Mindfulness is a simple way of ‘being’ that unfolds and deepens over time with practice. It is a gentle training that provides a set of life skills and techniques, which enhance our ability to care for ourselves through challenging times. Formal meditation is one of the key practices used in mindfulness training, but there are many informal and shorter exercises which can be used in your daily life.

‘Mindfulness is paying attention to something,
in a particular way,
on purpose,
in the present moment,
  Jon Kabat-Zinn

Mindfulness practitioners learn how to ‘pay attention on purpose’ by practicing specially developed meditation practices, designed to help slow down our brain chatter and automatic reactions. We learn to direct our attention to one thing at a time, allowing us to experience life in the ‘present moment’- what is happening right now for us.

We learn to gently let go of any thoughts that come up about the past or worries about the future. When these thoughts arise again, we simply acknowledge them as thoughts, and let them go ‘without judging them or ourselves’. By learning to focus and pay attention in this way we become aware of our thoughts and feelings, but less caught up in them, a thought can be experienced as just a thought. It’s not about emptying your mind of thoughts, it simply enables you to notice what’s going on in your life and helps you to break free from negative habits, encouraging better choices for yourself.


Methods for training in mindfulness have their roots in ancient meditation practices that are thousands of years old. Nowadays, with thanks to Jon Kabat-Zinn, we have a new format in which to practice this ancient art. He founded the Mindfulness Based Stress Reduction clinic in the late 1970’s and since then his 8 week MBSR courses have been widely introduced as a way to help people manage the pain and stress of their medical conditions.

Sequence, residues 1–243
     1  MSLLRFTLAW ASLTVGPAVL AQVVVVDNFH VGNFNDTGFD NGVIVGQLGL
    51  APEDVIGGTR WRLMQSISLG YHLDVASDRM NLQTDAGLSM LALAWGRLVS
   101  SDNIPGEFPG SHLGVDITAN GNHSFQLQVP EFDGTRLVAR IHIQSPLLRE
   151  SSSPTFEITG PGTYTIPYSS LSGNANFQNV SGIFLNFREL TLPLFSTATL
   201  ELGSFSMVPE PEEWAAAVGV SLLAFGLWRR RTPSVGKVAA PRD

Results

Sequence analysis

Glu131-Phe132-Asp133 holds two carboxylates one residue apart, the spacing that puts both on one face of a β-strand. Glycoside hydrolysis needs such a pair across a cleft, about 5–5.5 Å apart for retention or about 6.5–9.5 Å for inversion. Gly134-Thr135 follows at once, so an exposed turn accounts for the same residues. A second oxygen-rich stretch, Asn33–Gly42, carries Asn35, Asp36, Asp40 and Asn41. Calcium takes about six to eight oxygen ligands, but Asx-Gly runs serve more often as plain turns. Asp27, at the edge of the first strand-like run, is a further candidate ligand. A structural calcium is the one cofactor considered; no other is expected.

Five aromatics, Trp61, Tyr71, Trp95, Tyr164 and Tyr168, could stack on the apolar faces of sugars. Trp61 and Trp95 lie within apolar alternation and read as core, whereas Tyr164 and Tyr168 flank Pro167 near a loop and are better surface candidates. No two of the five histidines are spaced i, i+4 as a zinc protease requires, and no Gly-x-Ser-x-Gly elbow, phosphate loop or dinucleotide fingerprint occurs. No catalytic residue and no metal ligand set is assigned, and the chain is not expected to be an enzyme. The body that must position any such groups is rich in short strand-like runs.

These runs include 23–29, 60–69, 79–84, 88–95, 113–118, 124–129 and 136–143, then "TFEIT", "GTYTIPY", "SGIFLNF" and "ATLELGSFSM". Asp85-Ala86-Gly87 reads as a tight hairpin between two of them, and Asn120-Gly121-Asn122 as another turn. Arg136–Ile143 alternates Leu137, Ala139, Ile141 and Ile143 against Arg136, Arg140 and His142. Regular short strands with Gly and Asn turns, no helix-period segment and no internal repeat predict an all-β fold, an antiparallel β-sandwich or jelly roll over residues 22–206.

New scientific research has shown that having a regular mindfulness practice produces many benefits for aiding your physical, mental and emotional health. Numerous studies keep showing that the people who practice mindfulness and self-compassion are more emotionally stable and resilient. They are more able to cope with stressful situations and can handle difficult emotions with greater ease. They increase their capacity for happiness and well-being.

‘One of the most astonishing features of meditation is that you can actually see its profoundly positive effects actually changing the brain. Recent scientific advances allow us to see the parts of the brain associated with such positive emotions as happiness, empathy and compassion becoming stronger and more active on people who meditate’ Professor Mark Williams founder of The Oxford Mindfulness Centre


  • Reducing stress
  • Calming mind chatter
  • Lessening anxiety & depression
  • Strengthening the immune system
  • Normalising blood pressure
  • Improving concentration & memory
  • Increasing positive emotions & thoughts
  • Reducing negative thinking patterns
  • Assisting pain management
  • Improving sleep patterns
  • Helping us to respond rather than ‘react’ to difficult situations